China hits back at US over trade and currency


BBC NEWS | 2010/02/04 | 09:38:17 GMT

US-CHINA TENSIONS

  • Google – China denies being behind an alleged cyber-attack on the US search engine
  • Taiwan – a US sale of $6.4bn (£4bn) of defensive arms to Taiwan has angered Beijing
  • Tibet – China says a US meeting with the Dalai Lama would “undermine relations”
  • Trade – rows over imports and exports of meat, media, car tyres and raw materials
  • Iran – the US fears China will not back tougher sanctions against Tehran over its nuclear programme
  • Climate – the US is disappointed at China’s tough position at the Copenhagen Summit

China has hit back at the US a day after President Barack Obama promised to take a tougher line with Beijing over currency and trade. Chinese foreign ministry spokesman Ma Zhaoxu said the value of the Chinese Yuan was not the main reason for the country’s trade surplus with the US. Mr. Obama vowed to ensure countries were not giving their currencies an unfair advantage over the dollar. Ties between the US and China have been strained over an arms deal with Taiwan. Tensions have also risen over reports of Chinese cyber-attacks on US-run websites and a planned visit to the US by the Dalai Lama.

Trade agreements

US companies have long complained that China keeps its currency artificially undervalued, allowing a steady flow of cheap exports around the world. At a meeting with Senate Democrats, Mr. Obama was asked whether the US would cut ties with Beijing over continuing trade      disputes. He said he would continue to make sure that China and other countries abided by trade agreements, but warned it would be a mistake for the US to become protectionist. “The approach that we’re taking is to try to get much tougher about the enforcement of existing rules, putting constant pressure on China and other countries to open up their markets in reciprocal ways,” he said. “But what I don’t want to do is for us as a country or as a party, to shy away from the prospects of international competition.”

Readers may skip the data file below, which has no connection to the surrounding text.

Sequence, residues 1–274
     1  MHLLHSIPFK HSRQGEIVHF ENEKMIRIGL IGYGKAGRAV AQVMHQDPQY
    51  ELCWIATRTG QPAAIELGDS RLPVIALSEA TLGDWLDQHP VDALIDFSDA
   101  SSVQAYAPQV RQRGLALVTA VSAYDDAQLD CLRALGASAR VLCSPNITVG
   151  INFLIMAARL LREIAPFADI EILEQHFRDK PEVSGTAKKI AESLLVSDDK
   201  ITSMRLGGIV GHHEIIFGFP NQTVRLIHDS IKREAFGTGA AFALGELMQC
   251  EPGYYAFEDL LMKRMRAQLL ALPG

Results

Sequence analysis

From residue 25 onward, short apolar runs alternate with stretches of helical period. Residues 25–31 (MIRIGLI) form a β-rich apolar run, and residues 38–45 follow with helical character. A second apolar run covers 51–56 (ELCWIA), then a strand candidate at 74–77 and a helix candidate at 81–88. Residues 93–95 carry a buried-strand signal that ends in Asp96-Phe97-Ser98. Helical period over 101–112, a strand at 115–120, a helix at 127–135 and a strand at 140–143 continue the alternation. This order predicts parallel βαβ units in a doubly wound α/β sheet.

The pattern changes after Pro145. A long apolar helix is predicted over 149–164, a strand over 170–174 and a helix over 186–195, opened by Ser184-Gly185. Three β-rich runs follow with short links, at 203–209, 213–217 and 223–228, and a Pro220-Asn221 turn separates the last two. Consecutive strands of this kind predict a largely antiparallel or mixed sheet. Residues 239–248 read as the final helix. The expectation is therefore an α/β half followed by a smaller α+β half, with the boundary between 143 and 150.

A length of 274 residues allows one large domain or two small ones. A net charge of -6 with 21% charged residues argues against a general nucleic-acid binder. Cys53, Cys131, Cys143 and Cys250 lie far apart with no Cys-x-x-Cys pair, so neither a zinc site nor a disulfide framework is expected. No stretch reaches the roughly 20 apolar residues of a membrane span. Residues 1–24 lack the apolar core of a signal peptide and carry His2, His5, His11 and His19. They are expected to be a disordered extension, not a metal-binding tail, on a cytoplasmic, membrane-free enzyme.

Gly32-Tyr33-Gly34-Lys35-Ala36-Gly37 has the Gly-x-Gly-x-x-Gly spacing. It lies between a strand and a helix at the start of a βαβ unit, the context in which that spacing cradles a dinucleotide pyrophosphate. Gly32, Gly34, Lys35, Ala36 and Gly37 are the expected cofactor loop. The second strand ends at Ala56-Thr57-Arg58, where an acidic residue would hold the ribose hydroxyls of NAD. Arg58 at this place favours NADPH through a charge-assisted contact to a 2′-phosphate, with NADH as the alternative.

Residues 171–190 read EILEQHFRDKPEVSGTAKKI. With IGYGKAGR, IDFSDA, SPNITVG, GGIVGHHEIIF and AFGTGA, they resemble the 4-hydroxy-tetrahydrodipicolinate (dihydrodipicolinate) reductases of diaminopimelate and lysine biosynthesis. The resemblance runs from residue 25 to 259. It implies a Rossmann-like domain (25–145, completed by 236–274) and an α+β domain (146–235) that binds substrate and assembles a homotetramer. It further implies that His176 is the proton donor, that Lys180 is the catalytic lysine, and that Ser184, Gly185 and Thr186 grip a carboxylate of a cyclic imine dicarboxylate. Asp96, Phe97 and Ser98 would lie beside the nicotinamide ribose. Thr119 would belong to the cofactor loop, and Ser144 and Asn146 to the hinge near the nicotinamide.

Mr. Obama also said foreign exchange rates would be monitored. “One of the challenges that we’ve got to address internationally is currency rates and how they match up to make sure that our goods are not artificially inflated in price and their goods are artificially deflated in price,” he explained. But Mr. Ma said on Thursday that the value of the Chinese Yuan was at a reasonable level and that China was not pursuing a trade surplus with the US. “At the moment… the level of the Yuan is close to reasonable and balanced,” he said. “Accusations and pressure do not help to solve the problem.” On Wednesday, Mr. Ma told President Obama meeting the Tibetan spiritual leader would further erode ties between Beijing and Washington. “We urge the US to fully grasp the high sensitivity of the Tibetan issues, to prudently and appropriately deal with related matters, and avoid bringing further damage to China-US relations,” he said. China, which took over Tibet in 1950, considers the Dalai Lama a separatist.

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